You’ve worked extensively with old film-publicity stills and old postcards. Symbolically, the film still dies once its publicity function ceases. The postcard dies after it has been bought, sent, and received. But when images die, they do not automatically disappear. Many persist, zombie-like, to continue the metaphor. But when you talk about this being the state in which it is possible to ‘free the image’—‘in order to let it reveal itself’—this too is a metaphor. The meanings, ambiguities, and energies of images are not literally in them. They must be in us, no?

In us and outside us—that is the ambiguity of the image. In Blanchot’s words, the image is ‘between here and nowhere’. In other words, when we read an image, we do not necessarily see it, or, if you prefer, we see only what the image is designed to show. Blanchot went on to describe the way utensils ‘disappear into their use’, only to appear in their obsolescence or dysfunction. The same applies to images. As they fall out of use, we see what was previously invisible or neutral. It is a matter of seeing what is betrayed by the image rather than what it transparently signifies.

This accounts for your interest in the kinds of imagery you use, the ‘raw material’, but what of the cuts and collage? Are these additional means of bringing out what is betrayed by the image? Or, do they bring extra significations? 

Both. With the image fragments—where I remove part of the photographic image and the resulting image remains rectangular—they become a new photographic images, each with a new central focus. We are left with the setting, a body without a head, or a familiar gesture or pose that seems to betray something of the relation between self and photographic representation. Where it works, it estranges the familiar, and this is a transformation as well as a betrayal.

This metamorphosis is more obvious when the subtraction is internalised as a hole, as in the Tabula Rasa series (where an empty canvas or a shining screen replaces a central character in a film still), or, in the Circle series (where a spot-light blinds out the centre of interest in the image). Then, you could say that there is a transformation of one narrative into another. But, however transformative these devices may be, they are just other ways of displacing attention from the centre to the surroundings—the setting of the image. This is another way of allowing the image to betray itself, its ‘set-up’. In rendering ‘the star’ invisible, these works bring to the fore the minor actors and extras, whose role is usually to disappear into the background.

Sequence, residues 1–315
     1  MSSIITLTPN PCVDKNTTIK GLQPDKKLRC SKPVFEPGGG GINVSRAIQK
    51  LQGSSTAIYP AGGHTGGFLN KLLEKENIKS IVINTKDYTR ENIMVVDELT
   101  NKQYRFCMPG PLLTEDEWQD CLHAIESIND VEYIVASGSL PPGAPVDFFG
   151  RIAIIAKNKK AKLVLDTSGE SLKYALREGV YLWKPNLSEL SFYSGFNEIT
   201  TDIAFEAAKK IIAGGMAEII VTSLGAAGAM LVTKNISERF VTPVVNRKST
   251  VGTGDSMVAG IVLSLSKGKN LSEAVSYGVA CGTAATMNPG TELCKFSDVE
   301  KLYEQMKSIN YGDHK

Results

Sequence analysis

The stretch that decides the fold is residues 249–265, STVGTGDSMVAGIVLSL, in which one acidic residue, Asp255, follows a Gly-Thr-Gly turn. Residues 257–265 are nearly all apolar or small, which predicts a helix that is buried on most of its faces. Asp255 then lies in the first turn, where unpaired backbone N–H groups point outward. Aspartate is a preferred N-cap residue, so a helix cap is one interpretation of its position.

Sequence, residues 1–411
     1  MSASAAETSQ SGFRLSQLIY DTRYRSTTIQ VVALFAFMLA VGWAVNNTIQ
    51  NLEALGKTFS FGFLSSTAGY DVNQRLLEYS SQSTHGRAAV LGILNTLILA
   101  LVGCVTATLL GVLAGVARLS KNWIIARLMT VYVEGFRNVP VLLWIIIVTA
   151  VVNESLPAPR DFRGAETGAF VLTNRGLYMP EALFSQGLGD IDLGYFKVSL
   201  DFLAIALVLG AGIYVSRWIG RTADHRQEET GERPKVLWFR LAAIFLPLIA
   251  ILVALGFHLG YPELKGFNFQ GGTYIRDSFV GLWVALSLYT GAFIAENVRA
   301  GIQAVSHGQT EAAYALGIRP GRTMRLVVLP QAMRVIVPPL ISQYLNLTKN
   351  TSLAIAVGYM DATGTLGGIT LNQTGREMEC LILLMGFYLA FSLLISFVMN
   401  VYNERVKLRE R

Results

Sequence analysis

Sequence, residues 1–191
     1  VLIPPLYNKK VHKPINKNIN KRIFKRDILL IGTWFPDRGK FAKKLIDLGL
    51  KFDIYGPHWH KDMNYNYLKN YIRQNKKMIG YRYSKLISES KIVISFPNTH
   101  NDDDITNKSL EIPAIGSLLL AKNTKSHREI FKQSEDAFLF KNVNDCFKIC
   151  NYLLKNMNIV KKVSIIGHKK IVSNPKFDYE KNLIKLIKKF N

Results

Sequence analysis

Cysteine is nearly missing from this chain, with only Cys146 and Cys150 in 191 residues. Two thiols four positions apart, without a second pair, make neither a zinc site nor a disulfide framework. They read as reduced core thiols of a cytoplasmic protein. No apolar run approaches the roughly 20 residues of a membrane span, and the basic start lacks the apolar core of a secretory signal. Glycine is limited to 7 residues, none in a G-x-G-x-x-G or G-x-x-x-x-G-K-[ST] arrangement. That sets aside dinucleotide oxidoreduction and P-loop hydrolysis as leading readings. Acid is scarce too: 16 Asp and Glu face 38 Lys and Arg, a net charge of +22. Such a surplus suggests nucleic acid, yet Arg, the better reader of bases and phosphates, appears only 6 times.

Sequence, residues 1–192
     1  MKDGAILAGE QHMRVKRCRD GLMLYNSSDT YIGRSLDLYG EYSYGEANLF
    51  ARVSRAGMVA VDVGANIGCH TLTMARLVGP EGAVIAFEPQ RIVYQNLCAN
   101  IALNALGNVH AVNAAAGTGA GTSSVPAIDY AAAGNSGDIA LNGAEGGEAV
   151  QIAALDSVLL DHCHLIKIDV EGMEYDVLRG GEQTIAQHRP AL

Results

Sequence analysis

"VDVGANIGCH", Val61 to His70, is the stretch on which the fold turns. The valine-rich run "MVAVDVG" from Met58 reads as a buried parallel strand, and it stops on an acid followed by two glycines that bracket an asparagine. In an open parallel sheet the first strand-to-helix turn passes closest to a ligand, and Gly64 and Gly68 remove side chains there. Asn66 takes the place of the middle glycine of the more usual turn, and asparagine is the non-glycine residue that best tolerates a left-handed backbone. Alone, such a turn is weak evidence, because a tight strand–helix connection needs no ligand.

This relation between the purported subject and the ‘set-up’ or surroundings is always a little unstable when the image is photographic, because the camera takes in everything, without hierarchy. Open the shutter and the world-as-light floods in. The camera has no conception, no way of knowing what is important in the image and what is marginal. Things like composition, lighting, or focus are rhetorical devices that indicate conventional ways to read the image. But, conventions are only conventions. They cannot exhaust the possibilities of the photographic image. So, in a way, your shifting the emphasis of the image, from subject to setting, reorients us back, to the mechanical indifference of the camera. Would you agree?

The collages exploit this ‘mechanical indifference’ of the photographic image, as you put it. It allows the collage devices I employ to redirect attention, from one part to another. But, even though, as you point out, the camera has no way of knowing what is central or marginal, the photographer does. The film still and the publicity portrait are some of the most convention-bound and staged genres of photography, where hierarchies of image legibility are clear. With the stills, the star tends to be at the centre of any complex arrangement of characters, and, with the portraits, the focus tends to be on the face in the upper middle. (Women’s faces tend to be less central, because of the need to include a secondary object of attention—the bust. I find it easier to ‘behead’ men, because their ties, their folded-arm gestures, and whatever else is revealed in the lower part of their portraits do not constitute a secondary object of interest in the same way.)

In films, extras disappear into the background. The still photographer, engaged in the second photographic ‘take’, often finds it necessary to recompose the scene so that the star doesn’t get lost in the crowd of incidental details that the photograph indifferently registers. I have a collection of images that were rejected because the star got lost in the crowd. They are wonderful. You find yourself searching for a recognisable face in a sea of extras. It is a bit like spotting Jesus in Bruegel’s painting, Christ Carrying the Cross (1564). Although Jesus is dead centre and literally marked with a cross, he is always difficult to find. This makes me think about another device used in my collages—hiding. It raises other issues connected with this idea of ‘mechanical indifference’.